Ossifying fibroma (BF) can be defined as a benign, slow-growing, central bone tumor, usually of the jaws, especially the mandible, composed of fibrous connective tissue within which bone is formed. Apart from above classification system recently these lesions are classified by world health organization (WHO) into osteo-genic neoplasm & non-neoplastic bone lesions. Ossifying Fibroma belong to the osteo-genic group.
In general, ossifying fibroma is an asymptomatic lesion until growth causes swelling and moderate deformation. Displacement of the teeth can be an early clinicalmanifestation.The teeth associated with the lesion preserve their vitality and may show signs of root resorption. The lesion is relatively slow-growing, as a result of which the overlying cortical bone layer and mucosa remain intact, and thus the tumor may be present for a number of years before a diagnosis is made Well expanded lesions may be painful due to nerve compression. Radiographically, the lesions vary in size from 1 to 5 cm. Well-defined areas of osteo-lysis, with varying degrees of calcification and cortical thinning is present. Peripheral sclerotic border representing osteocytic activity may also found . OF can often be easily diagnosed at the time of surgery by noting its demarcation from surrounding bone and can easily be separated from its bony bed. It is essential to make the distinction between OF and fibrous dysplasia before embarking surgery. Ossifying Fibroma is readily enucleated from its bony bed, while fibrous dysplasia closely resemble with surrounding bone clinically, making surgical removal more complicated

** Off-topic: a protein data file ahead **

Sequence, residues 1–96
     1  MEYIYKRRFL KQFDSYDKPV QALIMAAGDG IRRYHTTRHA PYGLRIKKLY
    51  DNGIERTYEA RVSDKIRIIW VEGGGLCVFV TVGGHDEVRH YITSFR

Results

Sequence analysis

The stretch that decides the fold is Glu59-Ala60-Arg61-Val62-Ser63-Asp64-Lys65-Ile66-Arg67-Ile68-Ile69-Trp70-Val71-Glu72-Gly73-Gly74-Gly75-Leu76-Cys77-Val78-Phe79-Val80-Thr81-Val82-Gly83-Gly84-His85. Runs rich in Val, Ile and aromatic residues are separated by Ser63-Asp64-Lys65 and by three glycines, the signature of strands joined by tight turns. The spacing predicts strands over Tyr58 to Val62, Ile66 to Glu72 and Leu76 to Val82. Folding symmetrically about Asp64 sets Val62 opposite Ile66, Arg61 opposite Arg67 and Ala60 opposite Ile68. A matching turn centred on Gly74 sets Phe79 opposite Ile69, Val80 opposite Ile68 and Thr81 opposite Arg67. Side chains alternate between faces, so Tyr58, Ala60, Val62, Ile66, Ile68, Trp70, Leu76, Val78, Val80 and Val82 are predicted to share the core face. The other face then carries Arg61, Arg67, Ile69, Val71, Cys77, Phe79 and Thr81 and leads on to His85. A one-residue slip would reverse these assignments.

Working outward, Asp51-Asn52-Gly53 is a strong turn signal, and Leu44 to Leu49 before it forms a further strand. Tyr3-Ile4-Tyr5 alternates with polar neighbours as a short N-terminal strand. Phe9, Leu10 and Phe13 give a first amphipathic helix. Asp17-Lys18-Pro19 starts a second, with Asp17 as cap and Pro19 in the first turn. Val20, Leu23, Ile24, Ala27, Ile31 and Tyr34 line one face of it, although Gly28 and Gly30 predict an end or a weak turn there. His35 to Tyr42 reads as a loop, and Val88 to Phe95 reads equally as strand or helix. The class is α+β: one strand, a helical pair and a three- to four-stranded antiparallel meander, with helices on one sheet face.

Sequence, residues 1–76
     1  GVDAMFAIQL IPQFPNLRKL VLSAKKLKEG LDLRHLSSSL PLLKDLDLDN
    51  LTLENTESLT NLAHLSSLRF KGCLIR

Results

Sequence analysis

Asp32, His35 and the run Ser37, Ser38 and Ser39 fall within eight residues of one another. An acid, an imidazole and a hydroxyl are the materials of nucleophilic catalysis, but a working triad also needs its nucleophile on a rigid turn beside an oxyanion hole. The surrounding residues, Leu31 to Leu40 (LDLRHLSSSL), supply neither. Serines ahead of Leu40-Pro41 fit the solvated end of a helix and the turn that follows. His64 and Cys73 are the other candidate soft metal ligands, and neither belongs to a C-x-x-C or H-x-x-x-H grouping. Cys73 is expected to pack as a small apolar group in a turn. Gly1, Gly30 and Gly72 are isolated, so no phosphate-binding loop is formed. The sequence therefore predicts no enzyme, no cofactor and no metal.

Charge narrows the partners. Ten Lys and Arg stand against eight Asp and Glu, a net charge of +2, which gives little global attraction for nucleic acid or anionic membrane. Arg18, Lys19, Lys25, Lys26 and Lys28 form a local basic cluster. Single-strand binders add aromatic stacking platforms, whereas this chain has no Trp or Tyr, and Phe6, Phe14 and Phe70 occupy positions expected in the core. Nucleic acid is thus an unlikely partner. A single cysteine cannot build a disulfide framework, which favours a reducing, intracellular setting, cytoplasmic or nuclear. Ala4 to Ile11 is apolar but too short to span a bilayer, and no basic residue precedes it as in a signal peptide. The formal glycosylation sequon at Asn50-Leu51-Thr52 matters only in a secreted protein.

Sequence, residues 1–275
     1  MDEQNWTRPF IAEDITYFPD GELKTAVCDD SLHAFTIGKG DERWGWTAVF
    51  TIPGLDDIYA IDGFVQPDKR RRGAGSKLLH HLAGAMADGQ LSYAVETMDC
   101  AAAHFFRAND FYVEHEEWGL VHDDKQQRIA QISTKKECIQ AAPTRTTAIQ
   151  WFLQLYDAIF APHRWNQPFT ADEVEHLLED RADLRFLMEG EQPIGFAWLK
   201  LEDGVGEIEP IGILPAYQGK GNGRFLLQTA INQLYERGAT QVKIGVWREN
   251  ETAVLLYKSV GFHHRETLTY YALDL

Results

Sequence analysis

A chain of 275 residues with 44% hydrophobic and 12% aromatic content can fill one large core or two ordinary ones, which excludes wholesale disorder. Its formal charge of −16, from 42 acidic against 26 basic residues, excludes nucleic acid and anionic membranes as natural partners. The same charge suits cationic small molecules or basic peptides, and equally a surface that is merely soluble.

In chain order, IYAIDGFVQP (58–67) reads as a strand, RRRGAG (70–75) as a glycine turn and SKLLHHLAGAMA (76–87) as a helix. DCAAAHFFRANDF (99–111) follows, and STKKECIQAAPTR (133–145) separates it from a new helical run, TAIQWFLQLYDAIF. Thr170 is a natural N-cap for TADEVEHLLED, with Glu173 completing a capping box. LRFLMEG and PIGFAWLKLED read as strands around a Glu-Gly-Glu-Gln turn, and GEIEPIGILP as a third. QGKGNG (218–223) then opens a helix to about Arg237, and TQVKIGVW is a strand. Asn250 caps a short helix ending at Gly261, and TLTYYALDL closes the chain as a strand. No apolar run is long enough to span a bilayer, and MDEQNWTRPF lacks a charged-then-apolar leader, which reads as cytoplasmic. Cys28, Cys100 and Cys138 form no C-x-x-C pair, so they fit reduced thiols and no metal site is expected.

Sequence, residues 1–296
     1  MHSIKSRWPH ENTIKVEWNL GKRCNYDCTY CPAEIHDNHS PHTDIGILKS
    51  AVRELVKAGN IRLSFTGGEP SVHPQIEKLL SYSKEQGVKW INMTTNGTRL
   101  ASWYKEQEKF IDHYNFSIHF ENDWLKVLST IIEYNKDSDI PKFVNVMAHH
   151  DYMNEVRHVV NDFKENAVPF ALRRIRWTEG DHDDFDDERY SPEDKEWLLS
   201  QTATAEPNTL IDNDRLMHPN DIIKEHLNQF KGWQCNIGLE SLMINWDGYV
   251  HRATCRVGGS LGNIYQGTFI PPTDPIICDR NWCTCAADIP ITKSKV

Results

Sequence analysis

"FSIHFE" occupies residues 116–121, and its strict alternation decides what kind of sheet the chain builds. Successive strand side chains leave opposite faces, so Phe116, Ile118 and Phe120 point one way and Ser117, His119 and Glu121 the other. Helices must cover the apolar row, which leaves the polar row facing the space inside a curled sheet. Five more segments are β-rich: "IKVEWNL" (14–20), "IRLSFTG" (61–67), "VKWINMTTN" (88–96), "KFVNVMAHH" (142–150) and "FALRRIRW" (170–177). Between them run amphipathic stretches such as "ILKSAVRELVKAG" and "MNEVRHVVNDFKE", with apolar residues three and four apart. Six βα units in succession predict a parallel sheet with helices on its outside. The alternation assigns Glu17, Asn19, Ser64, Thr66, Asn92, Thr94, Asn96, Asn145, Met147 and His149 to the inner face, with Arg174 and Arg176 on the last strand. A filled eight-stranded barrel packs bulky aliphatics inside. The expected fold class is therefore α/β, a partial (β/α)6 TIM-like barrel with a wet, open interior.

A strict diagnosis is required before surgical intervention. Apart from clinical & radiological characteristics; lesion should be identified histologically. In typical histological features the predominant cell is a bland spindle cell. Mitotic figures are uncommon. Admixed in the fibrous background are irregularly shaped osseous islands. These islands are similar to those seen in fibrous dysplasia, although there is a much sharper demarcation from the surrounding spindle cells. The islands of bone are often surrounded by active osteoblasts, referred to as osteoblastic rimming; a feature indicative of the diagnosis. Malignant transformation is extremely uncommon.